Dear Tracey, discount

It wasn’t so long ago that I really thought I’d had it up to my neck with you. I think it was one of your columns in the Independent that did it. You’d had a bad day, page you know, one of those ones when you don’t particularly feel like getting out of bed in the morning and then when you do, you burn your toast, or scald yourself in the shower or something. And instead of having a quick cry, or swearing, or generally getting on with things as most people might do, your especially bad day led you toward one overarching question: ‘did my dad ever really love me?’ I thought it was a tad dramatic. So upon hearing about your retrospective at the Scottish National Gallery of Modern Art I was expecting 20 years of torment in the space of a few rooms. And you didn’t disappoint. But what I wasn’t expecting was that I was going to leave the exhibition liking you. Feeling for you, maybe. Being critical of you, definitely. But actually liking you? No, I wasn’t expecting that. But there is a reason that we hear so much about you Tracey, because you know what, you’re actually a pretty good artist.

Emin’s exhibition opens much like one would expect it to, throwing the viewer head-first into the deep-end. The first work we encounter is a tribute to her deceased grandmother; the second, a graphic description of a traumatic abortion. All the staple Emin classics are here: the neon signs, the tapestries, expressionist etchings, and of course, the infamous bed. And yet after the piss-stains, the used condoms, the confessional video diaries, the purging of torment and the sheer tragedy of it all, something beautiful remains. Emin’s letter to her uncle Colin is a striking example of this. Lucid and incredibly moving, Emin succinctly describes her emotions as she learns of the horrific accident that caused her beloved uncle’s death. Exploration of the Soul, a work comprised of 32 sheets of handwritten text, is similar in its expressive eloquence. You may baulk at the several spelling mistakes, shudder at the sadness of other people’s lives or smile at the moments of humanity within it; Emin will fail to leave you unmoved.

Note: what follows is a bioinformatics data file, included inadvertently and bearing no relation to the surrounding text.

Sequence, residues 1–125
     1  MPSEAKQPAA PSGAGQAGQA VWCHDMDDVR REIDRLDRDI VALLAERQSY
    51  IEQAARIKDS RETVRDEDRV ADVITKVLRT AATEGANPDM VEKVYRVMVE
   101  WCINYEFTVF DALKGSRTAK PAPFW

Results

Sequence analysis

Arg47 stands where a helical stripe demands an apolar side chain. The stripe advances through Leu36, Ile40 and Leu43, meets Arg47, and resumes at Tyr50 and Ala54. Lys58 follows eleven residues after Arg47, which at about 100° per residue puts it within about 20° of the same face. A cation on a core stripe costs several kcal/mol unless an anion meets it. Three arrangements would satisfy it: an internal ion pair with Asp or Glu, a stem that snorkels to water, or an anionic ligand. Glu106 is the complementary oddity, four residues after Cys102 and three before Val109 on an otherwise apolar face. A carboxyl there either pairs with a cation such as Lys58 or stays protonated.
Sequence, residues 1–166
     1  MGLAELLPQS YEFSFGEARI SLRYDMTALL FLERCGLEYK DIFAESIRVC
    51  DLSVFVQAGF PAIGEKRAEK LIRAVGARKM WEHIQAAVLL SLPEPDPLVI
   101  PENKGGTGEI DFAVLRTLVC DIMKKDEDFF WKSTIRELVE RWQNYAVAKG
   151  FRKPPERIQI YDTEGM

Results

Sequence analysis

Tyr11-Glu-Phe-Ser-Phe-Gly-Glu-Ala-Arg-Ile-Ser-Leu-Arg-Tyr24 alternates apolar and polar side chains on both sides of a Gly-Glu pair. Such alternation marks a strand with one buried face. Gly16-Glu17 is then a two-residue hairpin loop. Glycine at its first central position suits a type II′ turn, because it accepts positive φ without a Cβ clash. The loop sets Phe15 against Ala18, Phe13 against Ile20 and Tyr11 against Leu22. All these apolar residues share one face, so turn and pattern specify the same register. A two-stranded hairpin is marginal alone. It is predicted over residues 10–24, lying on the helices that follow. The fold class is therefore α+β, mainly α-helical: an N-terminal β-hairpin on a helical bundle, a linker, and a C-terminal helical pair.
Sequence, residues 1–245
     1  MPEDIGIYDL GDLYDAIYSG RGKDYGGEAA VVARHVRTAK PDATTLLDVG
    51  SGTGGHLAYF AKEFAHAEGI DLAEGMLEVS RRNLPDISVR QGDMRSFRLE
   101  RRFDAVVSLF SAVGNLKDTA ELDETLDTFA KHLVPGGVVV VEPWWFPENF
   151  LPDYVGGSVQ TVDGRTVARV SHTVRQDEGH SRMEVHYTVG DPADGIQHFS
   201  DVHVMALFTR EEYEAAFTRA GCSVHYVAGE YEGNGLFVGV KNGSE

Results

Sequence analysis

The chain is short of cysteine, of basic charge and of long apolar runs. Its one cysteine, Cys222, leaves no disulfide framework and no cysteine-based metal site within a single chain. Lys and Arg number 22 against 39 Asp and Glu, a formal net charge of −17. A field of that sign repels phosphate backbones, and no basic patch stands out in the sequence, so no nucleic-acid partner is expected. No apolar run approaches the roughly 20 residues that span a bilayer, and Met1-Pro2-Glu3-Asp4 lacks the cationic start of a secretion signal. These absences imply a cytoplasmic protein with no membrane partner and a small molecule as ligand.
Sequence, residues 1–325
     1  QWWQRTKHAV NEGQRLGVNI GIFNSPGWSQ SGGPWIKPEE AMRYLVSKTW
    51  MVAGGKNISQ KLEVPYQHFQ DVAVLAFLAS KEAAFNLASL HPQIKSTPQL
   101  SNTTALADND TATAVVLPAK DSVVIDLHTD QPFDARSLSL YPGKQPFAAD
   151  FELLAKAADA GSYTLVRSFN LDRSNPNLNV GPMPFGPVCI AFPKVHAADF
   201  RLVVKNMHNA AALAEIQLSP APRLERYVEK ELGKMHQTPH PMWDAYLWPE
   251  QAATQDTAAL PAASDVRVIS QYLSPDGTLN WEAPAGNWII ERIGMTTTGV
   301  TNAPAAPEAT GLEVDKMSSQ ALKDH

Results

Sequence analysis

My Bed 1998

The further we continue through the exhibition the more we feel as though we are Emin’s confidante; her scars are ours now and they are weighing us down. To enter, toward the end, a room removed of much of the abject excess of the others, comes as welcome relief. Two sculptures in particular reveal the diversity of Emin’s talent as an artist. Self Portrait (Bath) comprises a rusty bath filled with bamboo, barbed wire, chicken wire and a contorted neon streak entwined to create a work of great textual interest. In the same room a rollercoaster of reclaimed wood, It’s Not The Way I Want to Die from 2005, dominates the space. Constructed entirely from old crates, the past life of the wood seems to echo Emin’s own (one plank retaining it’s FRAGILE label), but is here reworked into a somewhat rickety yet undeniably beautiful piece.

It’s Not The Way I Want to Die 2005

Emin is a chameleon, expressing herself in several mediums and seemingly mastering them all. Love or loathe her – you won’t easily forget her, and to my mind, that’s what makes her continue to be worth talking about.

The Perfect Place to Grow 2001

Images courtesy of Scottish National Gallery of Modern Art